Sunday, March 14, 2010



I bet you don’t hear that everyday. From the marina in El Salvador, we headed to an island in the Gulf of Fonseca (still El Salvador) and anchored for a few calm days. We had to hike to the other side of the island to check out the local town. They don’t mess around with their hikes (see photos). When we left the anchorage, we were met by 30 knot winds and crazy confused seas, but sailed along at 7+knots and found ourselves at Marina Puesta Del Sol in Nicaragua by dinnertime. The marina was great, but a bit pricey when you consider the area and the fact that they burn sugarcane fields miles away and the ash rains down incessantly on the boat. Other than that, we have nothing but fantastic reviews for Nicaragua and would recommend it to anyone interested in an off the beaten path vacation. Check out and the attached photos of a beautiful hotel/restaurant near the marina. Though many of the houses are little more than sticks and plastic and the children go dirty and unshorn, they are a very happy and pleasant bunch of folks. We ate at the shackstaurant of a Portuguese sailor, who circumnavigated the globe twice, once each direction, that settled here and founded the pueblito of Joe Portunica. I am starting to see why. The beaches are beautiful and the climate beats a sharp stick in the eye. We sailed for twelve hours from Puesta Del Sol and motored the last bit to San Juan del Sur to find a grand little touristy town. The houses are very colorful and there is an abundance of local services. The water in the bay is very clean, along with the town, and once again very friendly. I think Brady and I would seriously consider moving here. Don’t worry Todd, we are only 25 miles or so from Cost Rica and we will reluctantly move on.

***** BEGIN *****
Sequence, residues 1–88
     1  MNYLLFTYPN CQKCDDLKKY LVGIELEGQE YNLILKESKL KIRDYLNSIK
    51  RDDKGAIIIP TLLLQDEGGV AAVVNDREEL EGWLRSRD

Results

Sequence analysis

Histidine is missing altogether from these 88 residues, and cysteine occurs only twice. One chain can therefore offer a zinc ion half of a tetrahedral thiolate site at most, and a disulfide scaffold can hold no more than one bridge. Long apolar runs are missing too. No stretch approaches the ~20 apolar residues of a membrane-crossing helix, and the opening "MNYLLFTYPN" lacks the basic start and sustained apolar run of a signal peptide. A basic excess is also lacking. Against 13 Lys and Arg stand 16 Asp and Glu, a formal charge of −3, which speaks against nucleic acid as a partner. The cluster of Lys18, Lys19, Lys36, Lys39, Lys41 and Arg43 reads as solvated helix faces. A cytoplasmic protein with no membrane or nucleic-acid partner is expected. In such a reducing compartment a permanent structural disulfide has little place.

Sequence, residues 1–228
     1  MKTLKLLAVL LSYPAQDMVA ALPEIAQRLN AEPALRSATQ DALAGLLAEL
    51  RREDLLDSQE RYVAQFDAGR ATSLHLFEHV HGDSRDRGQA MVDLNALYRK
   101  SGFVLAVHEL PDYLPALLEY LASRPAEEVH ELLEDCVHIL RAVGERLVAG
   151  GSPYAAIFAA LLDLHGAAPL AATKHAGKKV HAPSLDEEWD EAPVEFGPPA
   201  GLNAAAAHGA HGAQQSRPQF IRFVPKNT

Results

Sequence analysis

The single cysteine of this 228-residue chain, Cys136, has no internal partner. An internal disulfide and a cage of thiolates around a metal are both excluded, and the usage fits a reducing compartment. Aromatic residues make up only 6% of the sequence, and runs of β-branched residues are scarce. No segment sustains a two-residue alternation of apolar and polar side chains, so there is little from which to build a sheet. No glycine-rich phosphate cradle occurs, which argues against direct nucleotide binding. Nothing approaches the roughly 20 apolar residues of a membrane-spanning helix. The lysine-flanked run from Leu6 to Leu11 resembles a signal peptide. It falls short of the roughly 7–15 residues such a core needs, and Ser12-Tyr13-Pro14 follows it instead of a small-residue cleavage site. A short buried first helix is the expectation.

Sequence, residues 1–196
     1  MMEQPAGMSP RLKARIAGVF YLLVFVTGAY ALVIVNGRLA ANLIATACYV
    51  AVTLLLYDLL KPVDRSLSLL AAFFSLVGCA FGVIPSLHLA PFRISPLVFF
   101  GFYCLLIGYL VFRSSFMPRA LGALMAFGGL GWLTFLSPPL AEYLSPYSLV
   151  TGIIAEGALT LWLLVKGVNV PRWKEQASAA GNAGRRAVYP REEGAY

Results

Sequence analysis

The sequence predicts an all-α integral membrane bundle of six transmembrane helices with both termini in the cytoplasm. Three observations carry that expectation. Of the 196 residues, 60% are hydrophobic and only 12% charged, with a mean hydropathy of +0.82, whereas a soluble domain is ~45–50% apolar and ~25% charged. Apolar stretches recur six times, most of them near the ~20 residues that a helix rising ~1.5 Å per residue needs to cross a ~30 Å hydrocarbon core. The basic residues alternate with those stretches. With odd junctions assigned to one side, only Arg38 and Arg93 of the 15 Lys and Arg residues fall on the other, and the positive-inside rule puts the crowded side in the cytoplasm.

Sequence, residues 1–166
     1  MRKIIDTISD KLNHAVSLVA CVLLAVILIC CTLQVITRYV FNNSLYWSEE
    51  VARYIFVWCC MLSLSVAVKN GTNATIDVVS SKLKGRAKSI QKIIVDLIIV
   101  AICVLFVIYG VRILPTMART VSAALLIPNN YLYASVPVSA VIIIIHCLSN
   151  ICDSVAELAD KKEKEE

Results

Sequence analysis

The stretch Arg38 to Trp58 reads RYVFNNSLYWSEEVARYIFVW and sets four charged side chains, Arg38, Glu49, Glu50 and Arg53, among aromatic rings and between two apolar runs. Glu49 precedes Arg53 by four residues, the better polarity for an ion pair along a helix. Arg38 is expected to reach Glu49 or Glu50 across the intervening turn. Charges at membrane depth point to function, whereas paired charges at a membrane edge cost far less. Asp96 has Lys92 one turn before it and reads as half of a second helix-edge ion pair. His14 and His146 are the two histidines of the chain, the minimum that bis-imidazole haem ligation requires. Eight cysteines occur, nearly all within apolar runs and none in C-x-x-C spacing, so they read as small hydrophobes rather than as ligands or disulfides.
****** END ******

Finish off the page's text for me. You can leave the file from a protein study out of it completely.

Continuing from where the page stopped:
While traveling, we have come across many that are less fortunate than ourselves. Nicaragua is one of the poorest countries in the western hemisphere and, in places, people walk miles to get water from a local well. They have to deal with rolling black outs and live in conditions that would bring you to tears. We have tried to think of ways that we could help improve the lives of the many people we have met. In San Juan Del Sur we ran across an organization that is making a difference. A well travelled young man, with parents from Norway and education from Denver approached the local population and asked what needed the most attention. The overwhelming response was the schools. He formed a non-profit organization called proyecto remedios educativos. They help by building schools and providing computers and other much needed supplies in Nicaragua. If you would like to make a tax deductible contribution to a great cause their website is We will continue to post any information of this nature as we find it and hopefully, we can all make a small difference.